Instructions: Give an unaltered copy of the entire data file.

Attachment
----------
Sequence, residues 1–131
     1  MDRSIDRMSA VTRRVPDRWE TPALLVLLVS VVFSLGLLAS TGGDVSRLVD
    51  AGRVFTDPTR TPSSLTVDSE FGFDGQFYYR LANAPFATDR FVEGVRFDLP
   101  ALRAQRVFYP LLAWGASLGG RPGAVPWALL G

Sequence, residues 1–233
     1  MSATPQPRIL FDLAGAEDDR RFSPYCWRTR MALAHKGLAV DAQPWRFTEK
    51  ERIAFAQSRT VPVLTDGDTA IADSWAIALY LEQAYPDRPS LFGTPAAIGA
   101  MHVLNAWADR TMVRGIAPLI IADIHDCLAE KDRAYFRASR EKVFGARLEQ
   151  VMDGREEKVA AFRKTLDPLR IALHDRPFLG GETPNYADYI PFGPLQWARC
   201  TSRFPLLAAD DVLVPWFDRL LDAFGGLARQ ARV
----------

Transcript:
Sequence, residues 1–131
     1  MDRSIDRMSA VTRRVPDRWE TPALLVLLVS VVFSLGLLAS TGGDVSRLVD
    51  AGRVFTDPTR TPSSLTVDSE FGFDGQFYYR LANAPFATDR FVEGVRFDLP
   101  ALRAQRVFYP LLAWGASLGG RPGAVPWALL G

Sequence, residues 1–233
     1  MSATPQPRIL FDLAGAEDDR RFSPYCWRTR MALAHKGLAV DAQPWRFTEK
    51  ERIAFAQSRT VPVLTDGDTA IADSWAIALY LEQAYPDRPS LFGTPAAIGA
   101  MHVLNAWADR TMVRGIAPLI IADIHDCLAE KDRAYFRASR EKVFGARLEQ
   151  VMDGREEKVA AFRKTLDPLR IALHDRPFLG GETPNYADYI PFGPLQWARC
   201  TSRFPLLAAD DVLVPWFDRL LDAFGGLARQ ARV